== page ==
Internet Resonance

Last Friday I posted this on Twitter:

Netflix/Quickster, GoDaddy, Verizon… fascinating to watch an Internet beat-down cause a business decision to be reversed.

2011 should go down on record as the year that companies – some of them, anyway, experienced resonance to the point that they were forced to reverse a key business decision. I refer to resonance as the innate amplification of topics across the Internet as they reverberate from user to user that agrees with the sentiment. Amusing topics that catch people’s interest spread fast. Topics that agitate people or make them angry? Much, much faster. This is how Twitter works – it’s a sentiment amplifier. Sites like Reddit and Digg are not that different, though sentiment there spreads and amplifies differently.

While it is possible that Twitter isn’t solely responsible for this effect, I believe that the half-life of tweets on Twitter demonstrates that topics that don’t just “die out” organically in a relatively quick manner can turn into a pretty steaming pile pretty quickly. Become a trending topic on Twitter, and you’re likely to wind up on mainstream news outlets as the latest company getting “Tweeted in effigy” by angry consumers.

Sure, United, FedEx, and numerous other companies have experienced resonance at the hands of indivual employees. That’s unfortunate. But it’s also a different problem, since it is those individuals acting on their own and making bad decisions that leads to the problem.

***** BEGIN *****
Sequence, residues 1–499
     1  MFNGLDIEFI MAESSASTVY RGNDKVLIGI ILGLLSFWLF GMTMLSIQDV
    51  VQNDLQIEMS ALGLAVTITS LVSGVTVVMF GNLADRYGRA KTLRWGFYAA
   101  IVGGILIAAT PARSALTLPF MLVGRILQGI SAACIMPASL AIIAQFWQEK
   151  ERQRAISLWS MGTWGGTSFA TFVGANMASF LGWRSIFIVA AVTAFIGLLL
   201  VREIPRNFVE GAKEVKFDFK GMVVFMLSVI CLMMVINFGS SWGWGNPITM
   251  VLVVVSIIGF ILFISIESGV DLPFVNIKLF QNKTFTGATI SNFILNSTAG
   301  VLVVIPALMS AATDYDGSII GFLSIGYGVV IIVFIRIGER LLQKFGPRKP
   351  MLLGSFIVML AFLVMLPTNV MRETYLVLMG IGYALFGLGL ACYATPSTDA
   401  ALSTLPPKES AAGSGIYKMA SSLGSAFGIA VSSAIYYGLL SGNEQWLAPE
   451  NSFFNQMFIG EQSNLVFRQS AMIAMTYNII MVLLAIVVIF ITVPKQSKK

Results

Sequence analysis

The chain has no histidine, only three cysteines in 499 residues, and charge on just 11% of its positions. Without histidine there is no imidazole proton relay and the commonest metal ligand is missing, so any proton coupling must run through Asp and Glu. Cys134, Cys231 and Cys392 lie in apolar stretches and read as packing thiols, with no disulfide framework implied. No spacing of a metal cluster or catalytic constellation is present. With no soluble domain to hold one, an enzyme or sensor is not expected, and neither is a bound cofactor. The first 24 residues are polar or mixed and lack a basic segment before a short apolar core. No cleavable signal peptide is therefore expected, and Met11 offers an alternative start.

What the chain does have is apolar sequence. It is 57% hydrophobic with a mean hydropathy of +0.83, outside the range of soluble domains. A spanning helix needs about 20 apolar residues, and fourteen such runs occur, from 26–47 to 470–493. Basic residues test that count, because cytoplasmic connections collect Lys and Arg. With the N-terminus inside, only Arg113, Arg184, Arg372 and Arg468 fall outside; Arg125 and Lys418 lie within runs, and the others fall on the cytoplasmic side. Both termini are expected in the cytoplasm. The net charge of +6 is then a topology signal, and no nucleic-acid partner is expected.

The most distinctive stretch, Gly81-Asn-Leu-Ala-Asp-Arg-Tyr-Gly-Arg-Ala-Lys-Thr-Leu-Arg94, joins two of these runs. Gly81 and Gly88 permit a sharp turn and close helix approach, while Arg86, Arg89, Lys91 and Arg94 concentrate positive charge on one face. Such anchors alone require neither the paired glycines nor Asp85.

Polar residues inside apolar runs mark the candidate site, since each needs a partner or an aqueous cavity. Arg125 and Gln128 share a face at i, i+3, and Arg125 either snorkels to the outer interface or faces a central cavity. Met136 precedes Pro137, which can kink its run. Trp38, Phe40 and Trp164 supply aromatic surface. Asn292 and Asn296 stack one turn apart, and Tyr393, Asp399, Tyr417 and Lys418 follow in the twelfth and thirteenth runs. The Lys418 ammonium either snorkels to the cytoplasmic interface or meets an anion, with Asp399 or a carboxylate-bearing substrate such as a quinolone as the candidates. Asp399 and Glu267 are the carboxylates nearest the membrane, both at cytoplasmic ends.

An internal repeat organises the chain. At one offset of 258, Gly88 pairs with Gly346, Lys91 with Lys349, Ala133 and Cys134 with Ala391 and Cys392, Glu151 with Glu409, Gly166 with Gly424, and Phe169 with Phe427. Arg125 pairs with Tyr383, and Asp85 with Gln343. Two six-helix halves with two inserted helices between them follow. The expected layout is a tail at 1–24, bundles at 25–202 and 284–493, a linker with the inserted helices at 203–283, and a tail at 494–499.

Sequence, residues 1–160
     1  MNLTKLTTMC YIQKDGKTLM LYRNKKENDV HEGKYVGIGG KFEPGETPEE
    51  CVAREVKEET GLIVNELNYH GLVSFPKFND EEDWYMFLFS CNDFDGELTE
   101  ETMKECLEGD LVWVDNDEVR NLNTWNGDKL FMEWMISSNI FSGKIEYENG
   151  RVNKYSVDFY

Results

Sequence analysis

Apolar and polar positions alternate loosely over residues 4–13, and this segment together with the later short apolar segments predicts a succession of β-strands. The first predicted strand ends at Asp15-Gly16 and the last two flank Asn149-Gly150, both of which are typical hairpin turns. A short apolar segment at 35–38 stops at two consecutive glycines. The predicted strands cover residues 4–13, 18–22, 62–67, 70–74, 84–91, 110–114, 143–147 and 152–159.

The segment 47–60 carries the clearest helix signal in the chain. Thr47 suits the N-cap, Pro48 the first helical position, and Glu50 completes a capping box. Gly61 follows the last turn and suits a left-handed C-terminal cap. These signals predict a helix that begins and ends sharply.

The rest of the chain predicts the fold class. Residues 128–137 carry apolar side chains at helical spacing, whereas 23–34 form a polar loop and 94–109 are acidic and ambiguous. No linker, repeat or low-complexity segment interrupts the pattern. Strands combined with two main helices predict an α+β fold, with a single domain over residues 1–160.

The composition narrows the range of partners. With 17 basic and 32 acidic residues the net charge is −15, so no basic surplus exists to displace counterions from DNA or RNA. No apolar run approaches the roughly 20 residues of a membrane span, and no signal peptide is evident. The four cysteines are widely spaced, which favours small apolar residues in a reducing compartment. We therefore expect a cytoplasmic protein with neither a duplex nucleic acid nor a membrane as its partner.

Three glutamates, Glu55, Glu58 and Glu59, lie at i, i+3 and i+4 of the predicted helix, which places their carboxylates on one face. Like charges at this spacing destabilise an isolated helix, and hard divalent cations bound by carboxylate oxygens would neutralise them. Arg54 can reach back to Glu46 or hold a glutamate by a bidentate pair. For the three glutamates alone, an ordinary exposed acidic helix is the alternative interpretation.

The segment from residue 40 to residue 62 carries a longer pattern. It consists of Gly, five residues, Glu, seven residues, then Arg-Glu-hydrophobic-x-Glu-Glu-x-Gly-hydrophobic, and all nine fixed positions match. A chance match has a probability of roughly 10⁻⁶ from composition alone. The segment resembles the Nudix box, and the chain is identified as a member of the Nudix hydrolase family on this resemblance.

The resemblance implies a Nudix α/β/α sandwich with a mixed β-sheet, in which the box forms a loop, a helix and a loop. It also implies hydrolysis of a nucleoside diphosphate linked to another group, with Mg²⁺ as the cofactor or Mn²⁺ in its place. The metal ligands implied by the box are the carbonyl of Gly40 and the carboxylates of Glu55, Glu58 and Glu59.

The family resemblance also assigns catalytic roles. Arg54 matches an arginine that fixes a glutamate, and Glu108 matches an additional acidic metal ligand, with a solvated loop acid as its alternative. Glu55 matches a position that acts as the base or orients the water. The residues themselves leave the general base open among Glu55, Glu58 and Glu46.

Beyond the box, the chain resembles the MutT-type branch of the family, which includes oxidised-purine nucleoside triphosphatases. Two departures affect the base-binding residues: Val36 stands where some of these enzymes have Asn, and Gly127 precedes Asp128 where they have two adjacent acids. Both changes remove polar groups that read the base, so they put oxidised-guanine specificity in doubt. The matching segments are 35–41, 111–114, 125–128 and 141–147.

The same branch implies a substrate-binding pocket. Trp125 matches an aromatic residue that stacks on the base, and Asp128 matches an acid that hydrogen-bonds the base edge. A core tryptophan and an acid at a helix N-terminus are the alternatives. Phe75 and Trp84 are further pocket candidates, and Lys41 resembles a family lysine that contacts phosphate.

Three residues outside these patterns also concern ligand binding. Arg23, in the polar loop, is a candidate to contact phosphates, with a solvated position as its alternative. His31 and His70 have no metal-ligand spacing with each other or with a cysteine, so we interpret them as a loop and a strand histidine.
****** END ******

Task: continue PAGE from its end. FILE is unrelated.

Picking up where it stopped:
But this is different – Netflix, GoDaddy, and Verizon experienced resonance made exponentially more impactful because they made decisions that, if thought about beforehand, could have been avoided completely. When making a decision that impacts public policy (GoDaddy), will take away features from your product or service (Netflix) or cost your customers more (Netflix and Verizon) especially while adding no net value for your customers, you need to ask yourself, as an executive at a business, “is this decision something that is going to either take away perceived value from our customers, or could it agitate people who don’t see eye to eye with our political viewpoint?” If it is, you probably want to know the answers to:

  1. Why you are doing it?
  2. What’s the cost of not doing it?
  3. What is your worst case scenario if it resonates?

If you can’t answer those points, you should probably duck and cover, and hope for the best.

Businesses made decisions every day. I’m not saying that you can’t, or that you shouldn’t move forward as a business. But in an age of Twitter resonance, businesses need to be aware of just how fast the bad word can spread, and how damaging it can be to their brand. Be proactive on social media. Understand the emotions of your consumers. Be prepared to message your decision in a positive light, but understand that your consumers may not see it that way, and you need to prepare for the worst. For goodness sake, test it among a sample of customers before you do it if it will take away perceived value from your product or service. Don’t just shoot first. Because otherwise there will be way more questions later than you are comfortable with.

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